Design as verb means of doing something, where the aesthetic is achieved; it can also be the outcome–the assessment of the design activity. Here, design is a noun. Germany and the Netherlands have two different words for design: formgeben/vormgeving–to make things look ‘nice’, and entwurf/ontwerpe–engineering, trying to invent new things that are intelligent and clever. Thus, Design as considered as a word, an action, in Thai, Bahasa, Hokkien and Vietnamese to name a few of our regional languages and dialects is open to interpretation. I believe design is now an agent of change. The subject is no longer focussed solely on aesthetic resolution, but on complex systematic and contextual challenges that can be broken down into manageable elements through the Design (noun and verb) principles of iterating, prototyping and modelling through critical engagement and evaluation that is both interdisciplinary and collaborate.
Richard Buchanan defined the Fourth Order of Design–design of the environments and systems within which all the other orders of design exist, in response to the emerging systematic and contextual challenges that we face and I believe this is best achieved through a symbiotic relationship between industry and education–a “cooperative education” where industry benefits the academy, and the academy benefits industry. This is not new. The first co-op model was developed at the University of Cincinnati’s College of Engineering in 1906, and we continue this tradition.
I also believe interdisciplinary design education is timely for Asia Pacific and encourage other institutions to symbiotically partner with industry and work together for the benefit of our creative industries economy; giving students placements, and a more qualified talent pool for industry to scale up. We also agree with industry in advocating a more inclusive and diverse cohort of students that reflect the trend in adult learners, working professionals, and students with dependents either preparing to transition into another career, or peruse their passion for design–we encourage students from non-traditional backgrounds to consider design as a sustainable career pathway.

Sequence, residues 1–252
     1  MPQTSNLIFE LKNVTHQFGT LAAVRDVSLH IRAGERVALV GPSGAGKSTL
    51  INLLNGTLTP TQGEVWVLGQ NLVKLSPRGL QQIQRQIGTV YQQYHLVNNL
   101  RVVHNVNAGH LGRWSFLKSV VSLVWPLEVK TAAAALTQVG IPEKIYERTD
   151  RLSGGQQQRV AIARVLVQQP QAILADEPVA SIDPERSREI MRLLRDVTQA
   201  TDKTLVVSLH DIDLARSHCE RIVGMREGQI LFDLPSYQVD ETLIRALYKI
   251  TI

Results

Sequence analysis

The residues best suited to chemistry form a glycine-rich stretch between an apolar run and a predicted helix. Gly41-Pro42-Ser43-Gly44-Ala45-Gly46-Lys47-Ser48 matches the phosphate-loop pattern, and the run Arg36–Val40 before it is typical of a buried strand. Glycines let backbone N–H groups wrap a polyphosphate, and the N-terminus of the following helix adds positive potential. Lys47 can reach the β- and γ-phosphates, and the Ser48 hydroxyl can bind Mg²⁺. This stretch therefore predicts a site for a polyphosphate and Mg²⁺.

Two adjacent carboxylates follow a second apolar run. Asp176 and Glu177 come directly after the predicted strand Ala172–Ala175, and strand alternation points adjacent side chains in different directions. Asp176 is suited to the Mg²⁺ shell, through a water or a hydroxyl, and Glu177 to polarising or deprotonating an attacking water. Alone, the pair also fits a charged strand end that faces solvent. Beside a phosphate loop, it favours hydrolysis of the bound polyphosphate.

interdisciplinary and blended learning goes beyond skills and training; it offers digital product talent the opportunity to take the learning dimensions from the classroom and apply it to the professional practice of design in the studio. It’s also the blueprint for life-long learning that prepares an intellectual framework for critical engagement to make change: innovation, invention, discovery and intuition, in other words, creativity through insight. We built DSA to nurture this change and prepare our learners to become multi-professional. Welcome to our School.
Graham Newman is the Founder of Design School Asia. He has extensive expertise in design education and practice in Asia Pacific for over 20 years having taught at leading universities in Bangkok, Singapore and Jakarta. Graham’s pedagogical philosophy is forged by his Masters of Research experience at the Royal College of Art, and his own design practice during which he has won several international design awards including development of the world’s first interactive music CD-Rom. Graham holds a PGCert in Higher Education (PGCHE) where his aptitude in blended learning environments was grounded. Graham is a Fellow of The Royal Society of Arts (FRSA) and a founding director of Share, an NGO based in Hong Kong that provides new solutions to change the way modern slavery and human trafficking is addressed, with programmes focused in East and South-East Asia. If you call Graham at 11:45 pm he’s probably sketching with ink and watercolour.
I believe blended learning education is timely for Asia Pacific and encourage other institutions to symbiotically partner with industry and work together for the benefit of our digital economy.